Scots recovery ahead of UK; Allander ups forecast

Expectations for Scotland’s economic growth have been revised up to 5.9% for 2021 and 2.5% for 2022, according to the latest Economic Commentary by the Fraser of Allander Institute (FAI) at the University of Strathclyde.

In the Deloitte-sponsored Economic Commentary, the Fraser of Allander Institute now forecasts that the economy will reach its pre-pandemic peak in the summer of 2022, three months earlier than forecast in March.

The report said that based on the latest figures “the Scottish economy is slightly ahead of the UK’s overall in terms of its recovery.”

The FAI said the Scottish economy has seen significant opening up since late April.

“This has been facilitated by the vaccine deployment, which has seen 82% of the adult population receive their first dose,” said the FAI.

“While the economy faces significant changes as it moves through to the recovery phase, the way people work has also changed, particularly for those who have been able to work from home during the pandemic.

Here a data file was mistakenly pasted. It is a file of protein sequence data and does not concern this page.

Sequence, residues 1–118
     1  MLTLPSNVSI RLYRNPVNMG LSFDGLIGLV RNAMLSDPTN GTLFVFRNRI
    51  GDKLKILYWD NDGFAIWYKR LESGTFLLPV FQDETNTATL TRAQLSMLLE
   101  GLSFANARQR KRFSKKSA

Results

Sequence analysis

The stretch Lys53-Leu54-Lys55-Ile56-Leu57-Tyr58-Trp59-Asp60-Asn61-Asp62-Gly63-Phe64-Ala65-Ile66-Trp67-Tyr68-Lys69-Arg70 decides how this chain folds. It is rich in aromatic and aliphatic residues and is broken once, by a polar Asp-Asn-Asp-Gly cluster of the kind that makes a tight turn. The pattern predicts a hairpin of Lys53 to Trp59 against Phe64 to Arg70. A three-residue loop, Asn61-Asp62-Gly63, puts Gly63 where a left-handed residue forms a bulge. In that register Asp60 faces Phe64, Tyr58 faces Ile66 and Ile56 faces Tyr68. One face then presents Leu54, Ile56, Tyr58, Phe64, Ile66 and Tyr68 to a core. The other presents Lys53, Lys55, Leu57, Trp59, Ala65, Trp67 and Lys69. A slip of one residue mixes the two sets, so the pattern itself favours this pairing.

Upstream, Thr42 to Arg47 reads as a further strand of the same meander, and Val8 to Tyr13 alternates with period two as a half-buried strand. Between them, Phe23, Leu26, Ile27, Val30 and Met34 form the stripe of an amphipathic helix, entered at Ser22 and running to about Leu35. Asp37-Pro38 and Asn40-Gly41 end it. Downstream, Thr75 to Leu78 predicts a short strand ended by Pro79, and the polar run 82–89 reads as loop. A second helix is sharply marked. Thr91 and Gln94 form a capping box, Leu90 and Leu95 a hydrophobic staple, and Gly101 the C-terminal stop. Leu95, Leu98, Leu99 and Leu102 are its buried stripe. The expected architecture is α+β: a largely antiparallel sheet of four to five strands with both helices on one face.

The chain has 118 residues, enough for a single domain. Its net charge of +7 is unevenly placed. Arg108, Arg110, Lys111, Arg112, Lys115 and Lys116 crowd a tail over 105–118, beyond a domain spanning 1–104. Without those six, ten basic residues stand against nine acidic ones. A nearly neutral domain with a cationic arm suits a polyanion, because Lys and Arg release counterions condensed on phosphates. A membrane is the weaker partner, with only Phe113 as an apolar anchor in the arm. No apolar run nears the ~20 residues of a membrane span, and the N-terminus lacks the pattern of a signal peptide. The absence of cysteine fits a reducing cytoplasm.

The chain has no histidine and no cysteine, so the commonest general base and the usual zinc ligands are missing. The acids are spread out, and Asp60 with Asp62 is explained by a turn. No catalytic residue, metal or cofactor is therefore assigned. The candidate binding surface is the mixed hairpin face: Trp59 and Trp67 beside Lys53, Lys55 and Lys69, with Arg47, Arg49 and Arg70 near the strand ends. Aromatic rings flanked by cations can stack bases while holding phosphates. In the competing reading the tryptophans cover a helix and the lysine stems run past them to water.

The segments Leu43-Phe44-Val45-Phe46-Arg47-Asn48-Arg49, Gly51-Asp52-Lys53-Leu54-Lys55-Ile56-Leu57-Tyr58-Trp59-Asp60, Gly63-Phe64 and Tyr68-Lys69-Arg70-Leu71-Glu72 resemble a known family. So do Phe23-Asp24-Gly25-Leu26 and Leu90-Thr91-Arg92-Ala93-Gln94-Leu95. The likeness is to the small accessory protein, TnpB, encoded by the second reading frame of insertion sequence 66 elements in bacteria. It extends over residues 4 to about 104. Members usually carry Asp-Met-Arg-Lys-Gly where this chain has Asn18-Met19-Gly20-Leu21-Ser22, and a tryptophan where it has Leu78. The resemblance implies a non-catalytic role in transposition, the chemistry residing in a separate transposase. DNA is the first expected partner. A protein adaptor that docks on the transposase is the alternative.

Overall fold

“As some businesses begin to consider a part-time return to the office, alongside homeworking practices, it remains to be seen how persistent these changes will be.”

FAI director Mairi Spowage said: “We have today revised up our expectations for growth in 2021 and 2022.

“Despite the pausing in the easing of restrictions we have seen over the last week or so, it is undoubtedly the case that growth is returning to our economy.

“In the aggregate, consumers appear to be ready to spend the record savings that have been accumulated throughout the course of the pandemic.

“With a large proportion of the population vaccinated, people have shown that in general they are keen to spend their money in social settings to feel a bit more normality.”

But she added: “Despite our optimism, it is important to remember that forecasts are still very uncertain.

“The lengthening of the roadmap we have seen in recent days underlines the unpredictable nature of this virus, and the road ahead is likely to continue to be a bumpy one.”